It was over a year until I took hold of the help and strength God gave me to begin knocking down the walls, facing the necessary pains of change and growth, and allowing the discomfort to produce a greater and more resilient character in me. “We can rejoice, too, when we run into problems and trials, for we know that they help us develop endurance. And endurance develops strength of character, and character strengthens our confident hope of salvation. And this hope will not lead to disappointment.” Romans 5:3-5   

Months later, sitting with Josh during our 5pm “happy hour on the beach”, it dawned on me with such clarity that the person I was yesterday, and the yesterdays before that, wasn’t the person sitting on the beach. Fighting and accepting had transformed me into the person I was meant to be that day–and from then on forward. The person who would better process, face and embrace changes when they were most surely to come again. A person who has learned that building walls, slamming doors and hiding are best left in childhood. (Although, and unfortunately, I do still on occasion find satisfaction in a slammed door!)

As difficult as our move to Italy has been in this first month, I do feel I am indeed the winner this time around. Not one of us will escape change or stormy seas, and I believe the human spirit is capable of extraordinary things and meant for transformation.

 “Facing storms and shipwrecks in our lives really isn’t a matter of if; it is a matter of when.So it’s time for us to get our sea legs under us. Rather than trying to avoid the storms of life, we need to learn how to get through them, how to survive them, and how to learn the lessons that we can only learn in such times and such places.

 It has been said that you can’t direct the wind, but you can adjust your sails. In other words, I can’t control all the elements of my world—or even very many of them at all. But I can control my reaction to them. I can adjust my sails—and adapt.”- Larry Patterson 

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Italy – The First Month

It has been a little over a month since Vicenza became home to the Dinkler family.  Vicenza is a 3rd century B.C. thriving, cosmopolitan city with a rich history and culture, and many museums, art galleries, piazzas, churches and elegant Renaissance palazzi. I still can’t believe we live in Italy.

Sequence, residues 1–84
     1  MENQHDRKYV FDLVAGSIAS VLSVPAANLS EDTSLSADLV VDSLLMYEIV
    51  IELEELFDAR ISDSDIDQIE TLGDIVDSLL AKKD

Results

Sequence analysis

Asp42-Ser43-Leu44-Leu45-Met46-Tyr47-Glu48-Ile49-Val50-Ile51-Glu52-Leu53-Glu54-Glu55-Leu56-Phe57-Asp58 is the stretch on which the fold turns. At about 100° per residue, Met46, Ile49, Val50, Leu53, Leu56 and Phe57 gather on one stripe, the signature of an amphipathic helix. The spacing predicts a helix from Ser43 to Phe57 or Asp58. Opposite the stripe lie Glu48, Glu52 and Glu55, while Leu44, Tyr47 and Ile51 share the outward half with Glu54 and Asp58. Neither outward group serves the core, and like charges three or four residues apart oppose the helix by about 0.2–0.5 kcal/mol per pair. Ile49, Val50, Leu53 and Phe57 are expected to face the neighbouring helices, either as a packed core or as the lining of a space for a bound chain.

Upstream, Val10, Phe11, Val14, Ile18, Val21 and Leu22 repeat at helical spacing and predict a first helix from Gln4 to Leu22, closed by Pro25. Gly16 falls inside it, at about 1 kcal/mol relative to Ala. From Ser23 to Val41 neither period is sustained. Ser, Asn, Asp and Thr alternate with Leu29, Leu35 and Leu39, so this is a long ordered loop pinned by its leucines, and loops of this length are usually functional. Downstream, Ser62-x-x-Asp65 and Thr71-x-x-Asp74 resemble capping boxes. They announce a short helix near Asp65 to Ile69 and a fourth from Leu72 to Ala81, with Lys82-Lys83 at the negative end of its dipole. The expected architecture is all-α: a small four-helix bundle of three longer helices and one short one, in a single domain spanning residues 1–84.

For those of you wondering how the move is going, we are staying at the Inn on post (the Army calls it post, the Navy, base), which has its benefits as we go through all the in-processing procedures in order to live life in Italy. Benefits: a stone’s throw from Josh’s office, a soccer field out back for Cayden to practice his moves, and no cooking or cleaning required!  We found an apartment and move in date is scheduled for November 1st. It is taking time to grow accustomed to the idea of city living in an apartment but for these first years we want to live downtown, close to the action, walking distance to shops, cafes, festivals, and gelaterias. The train station is a stone’s throw away for easy weekend trips, and there are multiple parks close-by.

It all sounds so romantic, doesn’t it? There have definitely been moments, but moving to another country is intense! Cayden and Anya started school today – Italian school. Some teachers speak a little English, but most do not. This will be a stretch for all of us, but in the long run, we believe the kids will benefit from this choice: language and cultural immersion, social continuity (friends at the military DOD school come and go every one to three years- this will afford them lasting friendships with kids living here longer term), cultural immersion and a rich Italian experience for our family as a whole. I took them to school this morning and we felt as fish out of water – but we held our heads high, smiles, and said Ciao! Cayden’s teacher, a kind Italian nun speaks no English, Anya’s, a little. There are a few other American children in their classes.